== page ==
Queens pols rip Bloomy’s traffic tactic

By Stephen Stirling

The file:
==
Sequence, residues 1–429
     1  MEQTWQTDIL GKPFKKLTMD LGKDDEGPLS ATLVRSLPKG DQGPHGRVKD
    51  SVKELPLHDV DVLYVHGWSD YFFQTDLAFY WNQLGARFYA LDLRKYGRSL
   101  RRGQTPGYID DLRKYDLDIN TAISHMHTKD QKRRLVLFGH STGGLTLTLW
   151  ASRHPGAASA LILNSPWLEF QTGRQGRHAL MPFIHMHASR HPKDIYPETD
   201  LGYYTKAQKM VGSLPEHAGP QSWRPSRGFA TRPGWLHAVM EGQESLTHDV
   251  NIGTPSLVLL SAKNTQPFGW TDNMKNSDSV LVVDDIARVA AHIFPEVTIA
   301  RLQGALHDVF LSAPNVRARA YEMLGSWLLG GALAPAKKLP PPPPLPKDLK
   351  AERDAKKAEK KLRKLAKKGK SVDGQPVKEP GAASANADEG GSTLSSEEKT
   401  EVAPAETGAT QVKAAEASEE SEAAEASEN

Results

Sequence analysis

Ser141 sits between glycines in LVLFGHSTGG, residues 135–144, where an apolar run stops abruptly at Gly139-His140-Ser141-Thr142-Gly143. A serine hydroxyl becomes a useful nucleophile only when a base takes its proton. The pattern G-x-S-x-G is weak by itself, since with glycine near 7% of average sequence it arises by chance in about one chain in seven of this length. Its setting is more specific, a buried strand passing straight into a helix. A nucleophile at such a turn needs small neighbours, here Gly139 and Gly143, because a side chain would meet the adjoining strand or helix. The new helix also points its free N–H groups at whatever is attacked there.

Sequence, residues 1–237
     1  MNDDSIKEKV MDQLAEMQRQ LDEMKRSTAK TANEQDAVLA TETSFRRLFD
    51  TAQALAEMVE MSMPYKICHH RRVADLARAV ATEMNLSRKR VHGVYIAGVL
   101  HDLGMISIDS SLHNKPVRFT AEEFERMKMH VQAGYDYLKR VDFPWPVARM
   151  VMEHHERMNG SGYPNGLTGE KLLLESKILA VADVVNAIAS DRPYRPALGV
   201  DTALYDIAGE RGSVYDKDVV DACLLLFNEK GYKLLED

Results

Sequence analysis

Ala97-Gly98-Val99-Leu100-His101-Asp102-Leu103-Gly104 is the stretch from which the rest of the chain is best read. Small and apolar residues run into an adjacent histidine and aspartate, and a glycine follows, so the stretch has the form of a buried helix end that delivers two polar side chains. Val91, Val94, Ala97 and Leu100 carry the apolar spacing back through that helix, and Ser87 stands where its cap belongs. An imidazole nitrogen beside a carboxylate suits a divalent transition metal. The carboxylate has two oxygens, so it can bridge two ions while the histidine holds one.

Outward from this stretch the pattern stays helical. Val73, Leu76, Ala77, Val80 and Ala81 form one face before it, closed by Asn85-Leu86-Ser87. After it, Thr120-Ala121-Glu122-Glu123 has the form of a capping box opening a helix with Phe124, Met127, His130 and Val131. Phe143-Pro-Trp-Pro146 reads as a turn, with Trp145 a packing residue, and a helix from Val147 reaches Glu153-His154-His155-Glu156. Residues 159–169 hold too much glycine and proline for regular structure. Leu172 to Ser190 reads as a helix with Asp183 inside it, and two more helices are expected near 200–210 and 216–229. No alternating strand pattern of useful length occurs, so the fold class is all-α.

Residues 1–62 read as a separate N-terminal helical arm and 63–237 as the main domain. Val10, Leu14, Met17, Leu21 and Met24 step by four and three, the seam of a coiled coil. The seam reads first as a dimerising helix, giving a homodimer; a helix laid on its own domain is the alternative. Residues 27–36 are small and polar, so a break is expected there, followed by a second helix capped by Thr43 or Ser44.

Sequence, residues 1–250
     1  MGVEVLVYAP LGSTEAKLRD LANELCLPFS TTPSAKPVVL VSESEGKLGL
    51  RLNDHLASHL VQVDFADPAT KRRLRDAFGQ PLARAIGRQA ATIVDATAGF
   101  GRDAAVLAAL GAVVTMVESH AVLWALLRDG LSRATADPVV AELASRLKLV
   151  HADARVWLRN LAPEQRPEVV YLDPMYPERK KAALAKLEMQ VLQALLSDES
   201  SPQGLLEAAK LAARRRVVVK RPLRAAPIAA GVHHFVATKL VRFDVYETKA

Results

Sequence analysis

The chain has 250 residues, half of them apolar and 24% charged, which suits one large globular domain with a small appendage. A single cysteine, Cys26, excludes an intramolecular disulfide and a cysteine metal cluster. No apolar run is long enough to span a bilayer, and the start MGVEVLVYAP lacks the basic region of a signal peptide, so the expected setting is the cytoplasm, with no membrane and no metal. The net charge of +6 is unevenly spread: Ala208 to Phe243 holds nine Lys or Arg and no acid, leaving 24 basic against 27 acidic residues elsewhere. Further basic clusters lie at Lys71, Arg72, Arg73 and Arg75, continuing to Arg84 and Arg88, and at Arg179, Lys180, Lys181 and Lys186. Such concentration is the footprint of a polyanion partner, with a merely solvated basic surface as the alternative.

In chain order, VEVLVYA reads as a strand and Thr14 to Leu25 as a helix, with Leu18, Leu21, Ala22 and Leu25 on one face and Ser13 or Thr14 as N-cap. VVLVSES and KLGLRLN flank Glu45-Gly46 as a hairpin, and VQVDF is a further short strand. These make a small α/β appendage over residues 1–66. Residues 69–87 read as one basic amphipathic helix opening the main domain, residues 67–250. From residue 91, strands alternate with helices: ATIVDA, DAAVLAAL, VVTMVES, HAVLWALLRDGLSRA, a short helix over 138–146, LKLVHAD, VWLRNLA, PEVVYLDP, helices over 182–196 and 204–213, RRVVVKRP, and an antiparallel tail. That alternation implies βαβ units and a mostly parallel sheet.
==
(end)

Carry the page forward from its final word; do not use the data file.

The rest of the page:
The state Assembly Democrats, led by Sheldon Silver (D-Manhattan), held a closed door conference in Albany Monday for the third time in a week, ultimately deciding that Bloomberg's plan to charge drivers $8 to drive into Manhattan below 60th Street during business hours did not have enough support to bring to a vote.Most, if not all, members of the Queens Assembly delegation were against the plan, which would have brought $354 million in federal funds from Washington to improve transit around the city if approved by April 7.State Assemblyman Rory Lancman (D-Fresh Meadows) said members of the Assembly Democratic majority were opposed to the plan by as much as 4-1 and the approach Bloomberg took with the City Council last week played a large role in Albany's decision to turn the plan down.”What happened in the Council was a major setback for the mayor,” Lancman said. “And Albany is not an Athenian democracy. For Albany to be disgusted with what happened in the City Council takes a lot.”The City Council voted in favor of congestion pricing 30-20 on March 31 after Bloomberg, a Republican turned independent, and City Council Speaker Christine Quinn (D-Manhattan) spent weeks lobbying furiously for the plan. In the days following the vote, several members of the Council, including Councilmen James Gennaro (D-Fresh Meadows) and Tony Avella (D-Bayside), accused Bloomberg of offering political favors to capture votes for his proposal. Bloomberg raised eyebrows when he recently told a breakfast for congestion pricing supporters that he would back Councilman Hiram Monserrate (D-East Elmhurst), who supported the plan, if he ran against state Sen. John Sabini (D-Jackson Heights) this year. “I think the very fact that people had to be bribed says it all,” Avella said. “But once you're outside the city, you're just the mayor of any city, and I don't think [Bloomberg's] ever gotten that.”Last week Avella filed a Freedom of Information request for details of any negotiations that occurred between Bloomberg, Quinn and members of the Council. City Councilman John Liu (D-Flushing), one of five Queens Council members to vote for the plan, said its death was disappointing but was the result of bad politics.”A high-and-almighty approach supplanted what should have been a collaborative process. The worst part of the administration's approach was that the City Council was pawned off in the process,” said Liu, chairman of the Transportation Committee.Liu and other Council members wanted a tentative agreement with the Assembly on congestion pricing before the Council took a vote.”It was a sheer miscalculation for anyone to think that having the Council vote prematurely would somehow put pressure upon the state Legislature to follow suit,” he said. “In fact, it was a sheer miscalculation that was more like sticking a thumb in their eye and in the end, many Council members were needlessly thrown under the bus.”Bloomberg fired back at the Assembly, saying the decision not to bring the measures to a vote showed a lack of leadership and courage. “If that wasn't shameful enough, it takes a special type of cowardice for elected officials to refuse to stand up and vote their conscience – on an issue that has been debated and amended significantly to resolve many outstanding issues, for more than a year,” Bloomberg said in a statement.The plan's death means Queens will lose out on a number of transit improvements, including the creation of seven new bus routes in Queens and additional buses on 13 existing bus routes headed toward Manhattan.Borough politicians said the need to address congestion in the city remains dire, but Avella said he is not optimistic that Bloomberg will be as open to lobbying for a plan that is not his own.”I have my ideas, and I think my colleagues will come up with some incredible ideas, too,” Avella said. “Unfortunately, I think he's just going to lick his wounds.”Reach reporter Stephen Stirling by e-mail at Sstirling@timesledger.com or by phone at 718-229-0300, Ext. 138.

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